Alternate Title: “U.S. Sanctions on Russia”, or, “How To Saw The Limb upon which You Are Sitting”
Fertilizer supplies may soon dwindle:
Fox Business News: “Russia, which accounts for about two-thirds of the world’s ammonium nitrate production according to commodity analysts at S&P Global, has halted exports until April to guarantee supplies for farmers at home.” [Source]
Ammonium Nitrate (AN) is the main source of nitrogen in artificial fertilizer. What happens if Russia resumes exports of AN? The effects of U.S. sanctions on Russia, as well as voluntary actions by U.S. financial companies may make it nearly impossible for the U.S. to buy AN from Russia, as there would be no practical way to pay for it. Russia has been banned from the bank-to-bank messaging system used to transfer funds, called SWIFT. This will certainly reduce the ability of Russia to import and export even items not specifically prohibited by sanctions.
What will the the consequences of reduced or absent AN exports from Russia?
“Russia is responsible for two-thirds of the 20 million metric tons of ammonium nitrate produced annually in the world and is, by far, the largest exporter of this commodity in the world. Declines in corn and wheat yields due to supply disruptions in ammonium nitrate-based fertilizers will increase food inflation, already above 6 percent in the United States. Russia is also the world’s largest exporter of wheat, while Ukraine is the third-largest exporter of corn and a top exporter of barley and rye, making the impact of this crisis especially hard on food markets.” [Source]
Fertilizer is essential to crop yields. From my book HungerMath: “In the developed world, 40 to 60% of crop yields are directly attributable to the use of artificial fertilizers.”106
 W. M. Stewart, et al., “The Contribution of Commercial Fertilizer Nutrients to Food Production”, Agronomy Journal, vol. 97, Jan-Feb, 2005, n. 1
Without fertilizer, crop yields could fall by about half, or more. The developed world, including the U.S., has higher crop yields for all the major commercial food crops than ever before. These very high yields depend heavily on the application of high amounts of fertilizer, as well as on the timing of that application. Delays in getting fertilizer to farmers means crops may be planted later than usual. The timing of planting is one of the factors substantially affecting yields. So even if fertilizer arrives, any disruption in the timing of arrival could lower yields.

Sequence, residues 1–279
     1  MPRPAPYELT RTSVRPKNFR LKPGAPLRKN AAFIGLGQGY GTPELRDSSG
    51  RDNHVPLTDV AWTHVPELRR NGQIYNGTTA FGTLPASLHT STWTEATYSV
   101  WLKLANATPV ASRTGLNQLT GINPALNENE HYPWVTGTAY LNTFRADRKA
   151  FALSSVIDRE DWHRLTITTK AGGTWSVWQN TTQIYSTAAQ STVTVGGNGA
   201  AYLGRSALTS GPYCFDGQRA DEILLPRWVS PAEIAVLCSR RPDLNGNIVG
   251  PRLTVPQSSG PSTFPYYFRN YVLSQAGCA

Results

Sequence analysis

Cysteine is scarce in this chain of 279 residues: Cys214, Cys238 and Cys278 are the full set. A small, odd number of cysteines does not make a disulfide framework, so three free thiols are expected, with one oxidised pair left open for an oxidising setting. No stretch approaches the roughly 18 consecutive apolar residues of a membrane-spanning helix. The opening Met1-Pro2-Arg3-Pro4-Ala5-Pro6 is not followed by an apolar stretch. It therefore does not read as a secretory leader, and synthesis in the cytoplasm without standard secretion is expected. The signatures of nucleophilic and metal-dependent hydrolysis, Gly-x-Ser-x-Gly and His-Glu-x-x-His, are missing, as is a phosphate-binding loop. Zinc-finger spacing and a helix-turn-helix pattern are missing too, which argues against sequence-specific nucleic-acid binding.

And neither the U.S. nor much of the developed world has excess cropland available to offset lower yields. If yields fall by 50%, we cannot plant twice as much land to produce the same total amount of crop. We don’t have the land or the seed supply. For the U.S., vast amounts of crop seed is needed to produce vast amounts of corn and soybean for livestock feed, wheat, oilseed crops (for vegetable oil), rice, potato and other crops. Even a yield shortfall of 10 or 20% cannot be offset by planting a larger land area, for those reasons.
Worse still is the fact that farmers plant crops to make a profit. It doesn’t matter of people do not have enough food. A farmer and especially a large agricultural corporation is not going to plant and harvest a crop, if lower yields will mean a financial loss. A 50% lower anticipated yield will mean that many farmers will not plant at all. Even a modest decrease in yield could put the farmer’s calculation of profit or loss into the red. So without fertilizer, yields will not merely be lower, they could be zero.
Now you might think that lower supply will mean higher prices, allowing farmers to make a profit. But there are many farmers, and few buyers at that level of production and distribution. So it will still be a crop buyer’s market. The higher prices will not likely be high enough to offset lower yields, and therefore many farmers will not plant and harvest.
The result could be a run on the supermarkets, bare shelves for months or longer, and hungry people in wealthy developed nations, including the U.S., Canada, and the E.U. among other nations.